By Kaushikhalvadiya, 19 Oct 2012
Solr is an advanced search coming from Apache’s Lucene project. Thanks to SolrNet, a .NET library for Solr, it is quite convenient to use Solr for search in ASP.NET.
Install Apache Tomcat and Solr
When installing Tomcat, make sure to remember the port you specify (normal for Solr is 8983). After installation, the Apache Tomcat Properties window should popup. If not, find Configure Tomcat in the start menu and make sure the web server’s started. If it’s started, you should find the default Tomcat startpage if you browse to http://localhost:8983.
Before you install Solr, stop the Tomcat web server (through the Configure Tomcat window).
When you’ve downloaded the Solr zip file (make sure it’s the zip version!), unzip the archive and find the dist folder. In the dist folder, find the apache-solr-1.4.1.war file and copy it to C:\Program Files\Apache Software Foundation\Tomcat 7.0\webapps, renaming it to solr.war.
Now, we also need to create the Solr folder, which will host our Solr configuration files, indexes and so on. I createdC:\Solr. You’ll also need to copy the contents of the apache-solr-1.4.1\example\solr folder to your newly created Solr folder. When you’re done, you should at least have the bin and conf folder.
Finally, we need to tell Tomcat where our Solr folder is located. Open up the Configure Tomcat window, navigate to the Java tab and add this row to Java Options:
// // -Dsolr.solr.home=c:\solr //
It should look like this:
Now, you should first start the web server and then be able to navigate to http://localhost:8983/solr. Installation and basic configuration done!
Quick look at the configuration files
The Solr configuration files are important – you will use them to tell Solr what should be indexed and not. The most important config files are schema.xml and solrconfig.xml. These are located in the C:\Solr\conf folder.
Easier use of Solr with the SolrNet library
SolrNet is a great .NET library for Solr, making it all easier. Download assemblies (and samples) on the SolrNet Google Code page.
I’d like to thank A. Friedman for his contribution to the Solr and ASP.NET world. Here’s his great blog post on Solr and SolrNet.
Code snippets using SolrNet
Here’s some code snippets from my Solr app. You can find them in the source code, although I found it being a good idea to post code for a couple of common actions using Solr and SolrNet for search.
Search the index and bind to Repeater:
var search = new DefaultSearcher() .Search(query, 10, 1); rptResults.DataSource = search.Result; rptResults.DataBind();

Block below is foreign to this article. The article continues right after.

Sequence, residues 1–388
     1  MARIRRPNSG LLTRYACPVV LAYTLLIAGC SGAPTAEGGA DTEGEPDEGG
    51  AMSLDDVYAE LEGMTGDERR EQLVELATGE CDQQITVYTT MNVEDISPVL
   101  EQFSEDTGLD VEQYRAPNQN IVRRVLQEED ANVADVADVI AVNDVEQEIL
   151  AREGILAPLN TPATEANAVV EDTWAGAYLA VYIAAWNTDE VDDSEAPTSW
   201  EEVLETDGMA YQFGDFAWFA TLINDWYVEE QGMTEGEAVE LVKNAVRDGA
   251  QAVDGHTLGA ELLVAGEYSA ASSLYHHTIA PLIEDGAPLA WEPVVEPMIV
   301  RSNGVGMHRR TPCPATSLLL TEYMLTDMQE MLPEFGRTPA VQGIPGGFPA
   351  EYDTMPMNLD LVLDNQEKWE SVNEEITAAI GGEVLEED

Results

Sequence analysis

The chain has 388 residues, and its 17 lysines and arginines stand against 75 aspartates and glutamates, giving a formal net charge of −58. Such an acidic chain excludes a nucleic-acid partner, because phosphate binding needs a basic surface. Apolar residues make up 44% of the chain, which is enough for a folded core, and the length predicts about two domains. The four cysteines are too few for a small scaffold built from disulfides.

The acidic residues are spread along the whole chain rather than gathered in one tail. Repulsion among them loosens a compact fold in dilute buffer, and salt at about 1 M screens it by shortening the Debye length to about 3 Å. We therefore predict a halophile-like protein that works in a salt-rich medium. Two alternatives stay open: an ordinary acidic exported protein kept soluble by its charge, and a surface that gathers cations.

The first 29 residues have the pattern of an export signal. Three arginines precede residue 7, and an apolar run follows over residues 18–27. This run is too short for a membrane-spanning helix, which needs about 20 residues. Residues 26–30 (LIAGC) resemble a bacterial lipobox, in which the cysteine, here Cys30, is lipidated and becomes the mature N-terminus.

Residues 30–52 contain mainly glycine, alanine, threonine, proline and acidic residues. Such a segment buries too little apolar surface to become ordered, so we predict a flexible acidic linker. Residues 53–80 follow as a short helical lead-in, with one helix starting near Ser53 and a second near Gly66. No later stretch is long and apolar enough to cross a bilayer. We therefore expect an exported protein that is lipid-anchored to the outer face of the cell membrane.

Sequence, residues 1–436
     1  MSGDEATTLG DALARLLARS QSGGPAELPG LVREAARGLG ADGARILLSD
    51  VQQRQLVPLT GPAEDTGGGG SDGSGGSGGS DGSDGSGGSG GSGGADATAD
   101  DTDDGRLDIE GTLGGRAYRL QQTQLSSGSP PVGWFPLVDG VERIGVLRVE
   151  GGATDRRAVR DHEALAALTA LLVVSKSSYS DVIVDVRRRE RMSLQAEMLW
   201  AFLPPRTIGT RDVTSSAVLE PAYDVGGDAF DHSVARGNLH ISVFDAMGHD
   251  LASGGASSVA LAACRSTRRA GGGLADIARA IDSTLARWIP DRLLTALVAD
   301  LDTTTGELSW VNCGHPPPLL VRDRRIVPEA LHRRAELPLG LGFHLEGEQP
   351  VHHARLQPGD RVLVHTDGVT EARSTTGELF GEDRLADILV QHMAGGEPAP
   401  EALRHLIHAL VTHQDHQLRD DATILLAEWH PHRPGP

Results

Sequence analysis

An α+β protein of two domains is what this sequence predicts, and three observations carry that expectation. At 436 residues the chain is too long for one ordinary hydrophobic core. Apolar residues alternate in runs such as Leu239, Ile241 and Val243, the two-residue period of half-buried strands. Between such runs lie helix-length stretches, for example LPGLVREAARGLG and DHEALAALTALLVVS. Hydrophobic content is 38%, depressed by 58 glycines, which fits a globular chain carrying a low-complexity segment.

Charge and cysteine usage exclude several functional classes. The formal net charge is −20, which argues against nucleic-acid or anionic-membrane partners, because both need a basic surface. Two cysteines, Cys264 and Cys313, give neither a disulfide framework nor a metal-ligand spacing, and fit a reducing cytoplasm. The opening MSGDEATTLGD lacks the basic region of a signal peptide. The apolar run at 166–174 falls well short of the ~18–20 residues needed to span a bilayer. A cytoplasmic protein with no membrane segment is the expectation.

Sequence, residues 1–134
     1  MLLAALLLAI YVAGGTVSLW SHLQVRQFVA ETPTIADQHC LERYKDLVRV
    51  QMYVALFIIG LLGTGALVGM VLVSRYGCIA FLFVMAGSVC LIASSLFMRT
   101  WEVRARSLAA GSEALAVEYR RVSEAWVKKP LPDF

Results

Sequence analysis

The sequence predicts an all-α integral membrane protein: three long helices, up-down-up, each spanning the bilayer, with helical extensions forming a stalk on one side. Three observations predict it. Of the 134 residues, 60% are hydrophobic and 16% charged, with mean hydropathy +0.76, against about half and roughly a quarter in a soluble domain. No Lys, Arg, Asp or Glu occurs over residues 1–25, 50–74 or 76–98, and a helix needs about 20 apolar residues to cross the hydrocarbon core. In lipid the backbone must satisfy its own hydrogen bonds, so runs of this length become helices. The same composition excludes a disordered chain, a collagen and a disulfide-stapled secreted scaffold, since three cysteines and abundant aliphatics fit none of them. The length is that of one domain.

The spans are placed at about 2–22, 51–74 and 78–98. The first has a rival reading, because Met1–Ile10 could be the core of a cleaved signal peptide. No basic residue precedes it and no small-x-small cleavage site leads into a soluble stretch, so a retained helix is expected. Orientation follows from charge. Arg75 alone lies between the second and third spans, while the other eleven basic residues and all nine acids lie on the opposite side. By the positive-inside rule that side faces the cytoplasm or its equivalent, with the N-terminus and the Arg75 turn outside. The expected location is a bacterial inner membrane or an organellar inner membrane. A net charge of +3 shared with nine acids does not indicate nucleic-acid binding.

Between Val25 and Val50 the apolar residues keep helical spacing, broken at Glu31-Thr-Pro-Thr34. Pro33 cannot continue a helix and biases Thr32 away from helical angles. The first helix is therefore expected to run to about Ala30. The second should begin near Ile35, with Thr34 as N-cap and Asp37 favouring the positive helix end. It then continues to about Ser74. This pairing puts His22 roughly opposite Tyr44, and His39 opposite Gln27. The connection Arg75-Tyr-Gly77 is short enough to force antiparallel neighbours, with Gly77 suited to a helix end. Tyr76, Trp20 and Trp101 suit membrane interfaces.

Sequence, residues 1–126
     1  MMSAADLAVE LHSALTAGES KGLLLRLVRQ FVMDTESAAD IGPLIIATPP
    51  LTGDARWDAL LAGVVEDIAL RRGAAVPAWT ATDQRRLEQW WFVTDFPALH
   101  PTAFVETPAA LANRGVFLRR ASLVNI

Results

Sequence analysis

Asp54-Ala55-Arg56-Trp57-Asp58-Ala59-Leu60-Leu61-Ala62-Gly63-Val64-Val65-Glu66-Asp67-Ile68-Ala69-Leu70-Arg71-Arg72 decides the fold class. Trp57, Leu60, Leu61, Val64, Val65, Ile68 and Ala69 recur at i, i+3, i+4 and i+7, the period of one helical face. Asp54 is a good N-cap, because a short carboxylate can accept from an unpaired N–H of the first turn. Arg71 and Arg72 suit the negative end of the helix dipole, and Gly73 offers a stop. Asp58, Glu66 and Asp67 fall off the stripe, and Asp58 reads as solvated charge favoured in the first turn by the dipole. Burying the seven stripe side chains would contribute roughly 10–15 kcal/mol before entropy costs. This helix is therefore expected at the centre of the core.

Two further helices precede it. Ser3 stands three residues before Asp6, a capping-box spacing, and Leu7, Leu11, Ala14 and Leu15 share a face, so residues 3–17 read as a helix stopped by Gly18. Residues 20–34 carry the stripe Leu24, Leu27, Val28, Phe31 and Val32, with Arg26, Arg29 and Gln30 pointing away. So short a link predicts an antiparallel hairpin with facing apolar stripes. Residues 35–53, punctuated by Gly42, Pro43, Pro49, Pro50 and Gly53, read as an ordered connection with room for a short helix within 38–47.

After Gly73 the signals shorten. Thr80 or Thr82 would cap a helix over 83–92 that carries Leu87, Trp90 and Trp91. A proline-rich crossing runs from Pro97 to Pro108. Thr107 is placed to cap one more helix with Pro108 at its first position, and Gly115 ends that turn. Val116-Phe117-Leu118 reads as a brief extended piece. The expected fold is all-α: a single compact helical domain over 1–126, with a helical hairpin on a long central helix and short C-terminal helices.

Re-index all data:
new SolrBaseRepository.Instance<Player>().Start(); var solr = ServiceLocator.Current.GetInstance<ISolrOperations<Player>>(); var players = new PlayerRepository().GetPlayers(); solr.Add(players); solr.Commit();
Remove from index:
new SolrBaseRepository.Instance<Player>().Start(); var solr = ServiceLocator.Current.GetInstance<ISolrOperations<Player>>(); var specificPlayer = new PlayerRepository().GetPlayer(id); solr.Delete(specificPlayer); solr.Commit();
Adding multiple fields to the search index
By standard, Solr lets you index one field only, thanks to the defaultSearchField in schema.xml. It’s easy to turn on indexing of multiple fields though, using copyField and an additional field which takes multi values.
What you have to do is to edit schema.xml a bit:
- Setup the fields you want to get indexed, using field.
- Create an additional field called “text”, setting its multiValued property to true.
- Use copyField to copy data to this additional field.
- Use this additional field, “text”, as the defaultSearchField.
<fields> <field name="id" type="int" indexed="true" stored="true" required="true" /> <field name="firstname" type="text" indexed="true" stored="false" required="false" /> <field name="lastname" type="text" indexed="true" stored="false" required="false" /> <field name="text" type="text" indexed="true" stored="false" multiValued="true" /> </fields> <copyField source="firstname" dest="text" /> <copyField source="lastname" dest="text" /> <uniqueKey>id</uniqueKey> <defaultSearchField>text</defaultSearchField> <solrQueryParser defaultOperator=uot;AND" />
If you encounter any problems with Solr, try this to get it working:
- Turn off elevate.xml handler (comment appropriate lines in solrconfig.xml).
- Case sensitive configuration files – make sure you spell copyField, multiValued etc correctly.
- In solrconfig.xml, make sure you use matching data types to those you’ve defined in your ASP.NET app.
Solr is really powerful and gives you a lot of options. I recommend the Solr Wiki for more information on what actually is possible.
This link might also help you.
This article, along with any associated source code and files, is licensed under The Code Project Open License (CPOL)
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